Huevos rancheros and hot chocolate - a Mexican breakfast

Huevos rancheros and hot chocolate – a Mexican breakfast

For some reason, we go through waves. Some weeks they love to color the coloring page provided in the Activity Books. We are going through such a time right now. While I read the stories out loud, they color with a passion.

The comprehension and review questions can really help remind us of key pointers in the lesson, so I ask them. When it comes to the narration exercises, even Susan Wise Bauer points out that some chapters have more details than others and, as a result, may not be that easy to summarize.

Preparing huevos rancheros

Preparing huevos rancheros

So yes, I have skipped narration in some chapters because I do not want to overdo it. We get plenty of practice with narration in our writing curriculum (Writing with Ease) and in general, as the kids narrate back to me the books they read or some parts they really enjoyed from a movie or a book.

Bonjour! Let’s Learn French

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Even if you cannot speak French, you could pick up Bonjour! Let’s Learn French (not an affiliate link) and stimulate your children’s neurons for a few good months. This relatively short book can function as your French curriculum for at least six weeks.

Bonjour! Let's Learn French

A new resource to learn French, for ages 6-10.

How is that possible? You have the free audio version online at A native speaker of French pronounces all the French words and sentences in the book, so you don’t have to. A native speaker of English pronounces all the English words in the book, so you don’t have to. Continue reading »

On the same page, you will find a whole unit study on French culture and food, as well as games to practice your new vocabulary. French for parents is another feature on the website, where practical advice is given for – you guessed it – parents.

The other thing I really like on are the activity sheets. One of them in particular lets us set up a schedule for repeating one French phrase per day. At the end of the day, you record how many times you used that particular expression.

I have been waiting for this book for about two years. If you remember, I reviewed its sister, Hola! Let’s Learn Spanish, a similar book for Spanish. The author of both books, Judy Martialay, a retired foreign language teacher from New York, has come through for us with a volume for French this time.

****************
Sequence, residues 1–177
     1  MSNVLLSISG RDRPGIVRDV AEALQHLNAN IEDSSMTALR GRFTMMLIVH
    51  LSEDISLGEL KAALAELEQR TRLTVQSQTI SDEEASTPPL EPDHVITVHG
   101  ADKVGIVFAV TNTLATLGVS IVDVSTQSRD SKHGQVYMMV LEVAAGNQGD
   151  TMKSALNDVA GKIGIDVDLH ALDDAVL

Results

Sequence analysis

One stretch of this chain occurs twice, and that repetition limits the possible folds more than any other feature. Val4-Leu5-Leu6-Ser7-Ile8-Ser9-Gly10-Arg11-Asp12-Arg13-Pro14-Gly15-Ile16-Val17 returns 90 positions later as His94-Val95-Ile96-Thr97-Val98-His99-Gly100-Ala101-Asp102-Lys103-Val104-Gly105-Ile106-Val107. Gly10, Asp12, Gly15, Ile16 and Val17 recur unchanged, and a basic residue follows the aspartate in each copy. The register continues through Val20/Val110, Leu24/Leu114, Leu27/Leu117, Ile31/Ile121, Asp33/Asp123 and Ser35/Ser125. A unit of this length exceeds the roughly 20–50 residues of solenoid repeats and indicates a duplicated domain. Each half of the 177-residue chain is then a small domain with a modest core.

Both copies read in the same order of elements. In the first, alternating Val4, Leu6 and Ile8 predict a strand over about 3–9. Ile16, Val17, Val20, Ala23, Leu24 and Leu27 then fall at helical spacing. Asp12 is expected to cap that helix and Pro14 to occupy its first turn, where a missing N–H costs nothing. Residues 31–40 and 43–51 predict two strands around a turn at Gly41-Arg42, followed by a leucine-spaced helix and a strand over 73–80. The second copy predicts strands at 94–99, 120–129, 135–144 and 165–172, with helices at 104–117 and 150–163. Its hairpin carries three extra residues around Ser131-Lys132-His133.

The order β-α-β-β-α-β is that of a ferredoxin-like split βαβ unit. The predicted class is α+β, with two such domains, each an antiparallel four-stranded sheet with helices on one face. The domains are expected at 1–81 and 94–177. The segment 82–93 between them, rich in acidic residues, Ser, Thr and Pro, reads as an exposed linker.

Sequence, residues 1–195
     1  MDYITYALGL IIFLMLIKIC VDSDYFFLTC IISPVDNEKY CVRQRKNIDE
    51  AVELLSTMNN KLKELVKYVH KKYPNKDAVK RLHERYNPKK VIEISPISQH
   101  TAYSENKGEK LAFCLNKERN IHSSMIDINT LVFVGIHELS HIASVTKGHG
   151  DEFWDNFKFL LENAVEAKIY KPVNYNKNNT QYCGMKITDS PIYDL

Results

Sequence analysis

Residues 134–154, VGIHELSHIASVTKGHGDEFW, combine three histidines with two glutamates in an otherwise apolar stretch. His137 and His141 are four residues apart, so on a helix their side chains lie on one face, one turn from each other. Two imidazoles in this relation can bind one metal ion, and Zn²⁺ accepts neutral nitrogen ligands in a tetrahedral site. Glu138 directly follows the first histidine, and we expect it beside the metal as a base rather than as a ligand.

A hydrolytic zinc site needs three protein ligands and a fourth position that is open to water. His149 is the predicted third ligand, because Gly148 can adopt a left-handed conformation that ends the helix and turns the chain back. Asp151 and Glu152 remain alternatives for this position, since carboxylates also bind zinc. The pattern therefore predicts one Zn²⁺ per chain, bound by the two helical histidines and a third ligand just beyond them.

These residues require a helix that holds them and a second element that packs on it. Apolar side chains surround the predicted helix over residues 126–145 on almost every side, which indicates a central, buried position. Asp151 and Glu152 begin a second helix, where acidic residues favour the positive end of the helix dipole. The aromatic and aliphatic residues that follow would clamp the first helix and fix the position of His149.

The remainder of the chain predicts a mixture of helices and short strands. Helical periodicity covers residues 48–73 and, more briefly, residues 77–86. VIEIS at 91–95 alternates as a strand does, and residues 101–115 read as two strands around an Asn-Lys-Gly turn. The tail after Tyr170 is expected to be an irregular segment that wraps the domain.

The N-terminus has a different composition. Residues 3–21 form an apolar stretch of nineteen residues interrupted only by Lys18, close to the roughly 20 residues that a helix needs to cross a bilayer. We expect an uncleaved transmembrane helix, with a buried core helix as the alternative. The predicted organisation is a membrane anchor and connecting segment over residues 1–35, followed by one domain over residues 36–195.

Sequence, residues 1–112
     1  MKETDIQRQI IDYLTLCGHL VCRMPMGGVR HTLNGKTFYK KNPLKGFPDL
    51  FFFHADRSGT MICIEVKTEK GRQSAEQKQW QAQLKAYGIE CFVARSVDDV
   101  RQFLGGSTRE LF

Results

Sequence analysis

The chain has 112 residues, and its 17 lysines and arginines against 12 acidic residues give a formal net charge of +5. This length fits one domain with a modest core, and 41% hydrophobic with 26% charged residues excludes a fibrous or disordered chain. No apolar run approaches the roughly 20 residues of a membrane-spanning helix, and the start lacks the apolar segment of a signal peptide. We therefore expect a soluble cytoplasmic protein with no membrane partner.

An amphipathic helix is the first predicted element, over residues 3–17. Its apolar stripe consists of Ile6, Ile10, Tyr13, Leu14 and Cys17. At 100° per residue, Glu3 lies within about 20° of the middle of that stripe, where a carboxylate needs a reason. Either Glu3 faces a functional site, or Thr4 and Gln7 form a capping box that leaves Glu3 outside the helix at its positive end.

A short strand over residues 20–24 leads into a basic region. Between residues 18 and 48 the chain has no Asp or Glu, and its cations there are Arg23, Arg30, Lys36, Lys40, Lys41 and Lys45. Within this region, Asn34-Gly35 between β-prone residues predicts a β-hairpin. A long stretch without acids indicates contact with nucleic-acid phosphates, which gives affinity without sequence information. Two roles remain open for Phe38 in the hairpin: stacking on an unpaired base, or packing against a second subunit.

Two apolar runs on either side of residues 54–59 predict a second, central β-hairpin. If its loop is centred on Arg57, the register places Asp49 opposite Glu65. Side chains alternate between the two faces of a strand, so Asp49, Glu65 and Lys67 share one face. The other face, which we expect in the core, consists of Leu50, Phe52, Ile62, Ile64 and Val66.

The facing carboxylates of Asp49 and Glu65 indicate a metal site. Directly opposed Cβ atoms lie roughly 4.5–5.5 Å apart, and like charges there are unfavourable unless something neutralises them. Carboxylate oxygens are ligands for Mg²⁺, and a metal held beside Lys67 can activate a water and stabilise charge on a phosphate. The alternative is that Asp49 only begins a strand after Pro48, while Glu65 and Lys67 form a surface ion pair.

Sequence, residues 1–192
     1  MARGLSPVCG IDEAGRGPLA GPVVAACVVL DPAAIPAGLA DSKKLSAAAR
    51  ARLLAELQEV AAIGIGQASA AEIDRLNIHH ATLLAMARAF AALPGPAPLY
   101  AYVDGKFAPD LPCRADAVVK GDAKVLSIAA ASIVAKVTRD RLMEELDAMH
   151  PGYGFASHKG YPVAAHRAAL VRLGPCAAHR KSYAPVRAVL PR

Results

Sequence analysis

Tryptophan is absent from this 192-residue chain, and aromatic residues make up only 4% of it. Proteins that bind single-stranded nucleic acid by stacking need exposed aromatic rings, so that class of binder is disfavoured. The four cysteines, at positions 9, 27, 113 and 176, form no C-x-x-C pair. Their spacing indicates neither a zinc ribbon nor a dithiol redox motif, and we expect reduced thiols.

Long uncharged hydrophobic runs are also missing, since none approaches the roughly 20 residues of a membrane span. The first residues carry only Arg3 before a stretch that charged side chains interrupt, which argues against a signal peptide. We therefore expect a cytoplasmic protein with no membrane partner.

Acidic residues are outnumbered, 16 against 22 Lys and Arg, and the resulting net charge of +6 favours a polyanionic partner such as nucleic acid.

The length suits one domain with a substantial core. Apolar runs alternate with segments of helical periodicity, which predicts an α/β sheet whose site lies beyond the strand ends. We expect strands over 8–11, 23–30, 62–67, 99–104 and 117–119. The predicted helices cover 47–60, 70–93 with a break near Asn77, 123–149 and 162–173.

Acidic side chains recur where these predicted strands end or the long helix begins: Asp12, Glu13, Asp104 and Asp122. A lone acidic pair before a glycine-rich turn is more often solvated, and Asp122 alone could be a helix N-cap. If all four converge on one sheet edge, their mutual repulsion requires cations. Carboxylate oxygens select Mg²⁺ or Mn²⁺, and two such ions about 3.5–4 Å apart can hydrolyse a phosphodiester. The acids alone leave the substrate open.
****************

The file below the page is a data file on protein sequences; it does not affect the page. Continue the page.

Inside Bonjour! Let's Learn French

Inside Bonjour! Let’s Learn French

In Bonjour! Let’s Learn French, children meet Pete the Pilot, who takes them to France. During this imaginary trip, they learn some useful French phrases. Another character in the book is Louis l’escargot (the snail). The game on the website involves Louis and his love of croissants. It’s a lot of fun!

The book is a mixture of English and French and the chapters change format, so nobody gets bored of a particular routine. You know how most foreign language textbooks follow the same format for every lesson? First the new words, then the text, reading comprehension questions, and a bit of grammar. Next lesson, same drill. After about three weeks of this, no wonder so many people give up on learning another language.

That’s why I like Bonjour! Let’s Learn French. Every chapter switches things around. At some point, you learn about life in France and impressionist art, for example. You also learn how to make an impressionist-style picture with oil pastels.

Your effort as a homeschool teacher is minimal. Purchase the book, open the book, click Play on the audio version of the book online. Sit back and relax. You do have to ensure your children repeat the French expressions during the pauses on the recording.

Repetition is key. So come back to this book regularly and you should find it easier to pronounce and understand every time. Just like with anything else, learning a language can get exciting at times and boring at times. As long as you persevere, you are setting yourself up for success.

I received a free copy of this material in exchange for providing an honest review on my blog.